Language Modernization Modernization is a form of language planning that occurs when a language needs to expand its resources to meet the functions and demands of the modern world. Modernization often occurs when a language undergoes a shift in status, such as when a country gains independence from a colonial power or when there is a change in the language education policy.

The most significant force in modernization is the expansion of the lexicon, which allows the language to discuss topics in modern semantic domains. Language planners generally focus on creating new lists and glossaries to describe new technical terms, but it is also necessary to ensure that the new terms are consistently used by the appropriate sectors within society.

There are three strategies for language modernization:

  1. Borrowing words
  2. The standardization of words from indigenous languages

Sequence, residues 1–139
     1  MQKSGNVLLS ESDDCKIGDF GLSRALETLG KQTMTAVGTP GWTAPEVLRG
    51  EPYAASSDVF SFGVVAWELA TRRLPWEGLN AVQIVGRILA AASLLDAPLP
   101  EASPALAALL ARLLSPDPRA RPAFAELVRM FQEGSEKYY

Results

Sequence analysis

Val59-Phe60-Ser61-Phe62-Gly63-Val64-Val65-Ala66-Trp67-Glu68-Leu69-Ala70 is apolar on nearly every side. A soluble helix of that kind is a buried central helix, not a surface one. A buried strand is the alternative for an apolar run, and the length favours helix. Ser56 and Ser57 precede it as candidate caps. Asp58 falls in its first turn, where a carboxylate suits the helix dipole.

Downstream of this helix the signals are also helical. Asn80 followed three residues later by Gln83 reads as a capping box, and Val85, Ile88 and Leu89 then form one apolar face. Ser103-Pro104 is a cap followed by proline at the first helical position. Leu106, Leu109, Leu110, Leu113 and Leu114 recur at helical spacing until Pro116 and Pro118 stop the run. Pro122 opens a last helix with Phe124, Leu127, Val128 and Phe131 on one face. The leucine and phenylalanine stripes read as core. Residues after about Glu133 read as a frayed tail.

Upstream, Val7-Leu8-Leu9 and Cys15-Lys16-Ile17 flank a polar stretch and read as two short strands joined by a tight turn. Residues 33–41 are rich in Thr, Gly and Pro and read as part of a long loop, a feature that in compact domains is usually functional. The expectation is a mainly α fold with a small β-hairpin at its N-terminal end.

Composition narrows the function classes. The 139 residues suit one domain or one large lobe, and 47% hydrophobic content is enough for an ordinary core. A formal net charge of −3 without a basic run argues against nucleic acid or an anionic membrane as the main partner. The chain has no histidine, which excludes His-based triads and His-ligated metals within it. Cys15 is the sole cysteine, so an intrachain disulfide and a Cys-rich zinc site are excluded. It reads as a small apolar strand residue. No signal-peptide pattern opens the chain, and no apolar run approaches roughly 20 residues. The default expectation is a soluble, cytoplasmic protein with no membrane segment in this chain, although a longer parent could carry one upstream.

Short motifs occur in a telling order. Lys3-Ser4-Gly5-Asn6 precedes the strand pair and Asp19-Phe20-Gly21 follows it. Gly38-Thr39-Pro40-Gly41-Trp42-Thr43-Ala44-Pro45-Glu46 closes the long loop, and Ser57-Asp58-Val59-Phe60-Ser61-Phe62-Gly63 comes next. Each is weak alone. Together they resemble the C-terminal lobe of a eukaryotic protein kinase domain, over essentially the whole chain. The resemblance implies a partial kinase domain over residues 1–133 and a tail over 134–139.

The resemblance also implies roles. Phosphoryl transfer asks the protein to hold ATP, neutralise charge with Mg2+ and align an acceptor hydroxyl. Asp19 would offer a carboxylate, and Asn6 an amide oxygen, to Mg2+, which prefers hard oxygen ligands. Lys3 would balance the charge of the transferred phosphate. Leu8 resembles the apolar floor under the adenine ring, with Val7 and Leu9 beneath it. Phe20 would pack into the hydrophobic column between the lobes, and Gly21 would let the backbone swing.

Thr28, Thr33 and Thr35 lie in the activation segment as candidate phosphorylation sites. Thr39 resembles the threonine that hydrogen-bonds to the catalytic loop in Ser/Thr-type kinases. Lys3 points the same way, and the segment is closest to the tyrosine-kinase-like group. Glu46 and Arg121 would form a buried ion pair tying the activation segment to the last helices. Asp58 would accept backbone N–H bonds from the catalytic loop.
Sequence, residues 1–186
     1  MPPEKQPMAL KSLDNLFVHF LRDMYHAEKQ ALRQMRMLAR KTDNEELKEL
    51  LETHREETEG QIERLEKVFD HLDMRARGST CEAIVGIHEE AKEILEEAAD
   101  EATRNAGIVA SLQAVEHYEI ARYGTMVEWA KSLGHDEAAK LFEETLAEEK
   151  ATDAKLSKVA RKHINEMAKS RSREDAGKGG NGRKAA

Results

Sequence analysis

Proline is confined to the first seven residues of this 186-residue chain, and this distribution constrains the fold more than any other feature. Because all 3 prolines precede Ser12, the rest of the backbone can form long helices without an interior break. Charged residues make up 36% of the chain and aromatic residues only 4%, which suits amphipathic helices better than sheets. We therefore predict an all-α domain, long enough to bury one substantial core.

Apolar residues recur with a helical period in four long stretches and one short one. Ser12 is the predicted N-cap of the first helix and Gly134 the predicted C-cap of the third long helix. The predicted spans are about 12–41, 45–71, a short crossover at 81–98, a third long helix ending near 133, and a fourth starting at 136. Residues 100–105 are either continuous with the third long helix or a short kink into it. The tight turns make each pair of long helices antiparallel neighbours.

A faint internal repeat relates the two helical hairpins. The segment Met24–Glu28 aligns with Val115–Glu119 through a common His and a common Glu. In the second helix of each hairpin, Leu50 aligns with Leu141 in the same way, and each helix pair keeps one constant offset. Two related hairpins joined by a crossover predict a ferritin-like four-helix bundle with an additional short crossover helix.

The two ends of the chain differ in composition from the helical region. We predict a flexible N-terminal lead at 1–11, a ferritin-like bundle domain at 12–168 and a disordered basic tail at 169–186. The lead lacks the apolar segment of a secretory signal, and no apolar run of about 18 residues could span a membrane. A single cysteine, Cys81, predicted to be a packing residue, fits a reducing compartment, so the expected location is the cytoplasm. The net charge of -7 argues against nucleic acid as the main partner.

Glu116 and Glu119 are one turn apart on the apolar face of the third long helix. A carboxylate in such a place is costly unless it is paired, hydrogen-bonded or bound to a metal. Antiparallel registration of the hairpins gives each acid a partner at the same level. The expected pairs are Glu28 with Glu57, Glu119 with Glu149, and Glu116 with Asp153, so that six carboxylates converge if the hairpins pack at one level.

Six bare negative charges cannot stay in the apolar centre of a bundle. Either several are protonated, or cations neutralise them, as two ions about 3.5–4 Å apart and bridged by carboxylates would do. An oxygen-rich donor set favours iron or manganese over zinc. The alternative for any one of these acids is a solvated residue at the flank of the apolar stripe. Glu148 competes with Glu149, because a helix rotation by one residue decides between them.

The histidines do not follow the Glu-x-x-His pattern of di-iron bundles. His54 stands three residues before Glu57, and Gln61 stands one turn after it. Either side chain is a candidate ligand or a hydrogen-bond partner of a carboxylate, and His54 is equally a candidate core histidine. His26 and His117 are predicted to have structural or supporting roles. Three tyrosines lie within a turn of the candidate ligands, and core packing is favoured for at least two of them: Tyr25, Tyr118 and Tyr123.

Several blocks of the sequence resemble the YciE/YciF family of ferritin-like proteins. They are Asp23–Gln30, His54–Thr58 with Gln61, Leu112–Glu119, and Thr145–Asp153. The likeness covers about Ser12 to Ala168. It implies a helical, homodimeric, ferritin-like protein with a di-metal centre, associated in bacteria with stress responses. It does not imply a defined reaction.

3. The creation of new words

An example of modernization is the extension of some words, such as:

  • Kegiatan (Aktivitas)
  • Pengaturan (Manajemen)
  • Percepatan (Akselerasi)
  • Perubahan (Konversi)
  • Tepat guna (Efektif)

Graphization, standardization, and modernization are three parts of corpus planning. Corpus planning, which deals with the development of linguistic factors of a language, in this case, the internal features of a language, is aimed at the development of the language. By developing languages, language preservation is also accomplished.

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Graphization, Standardization, Modernization. (2016, Oct 26). Retrieved from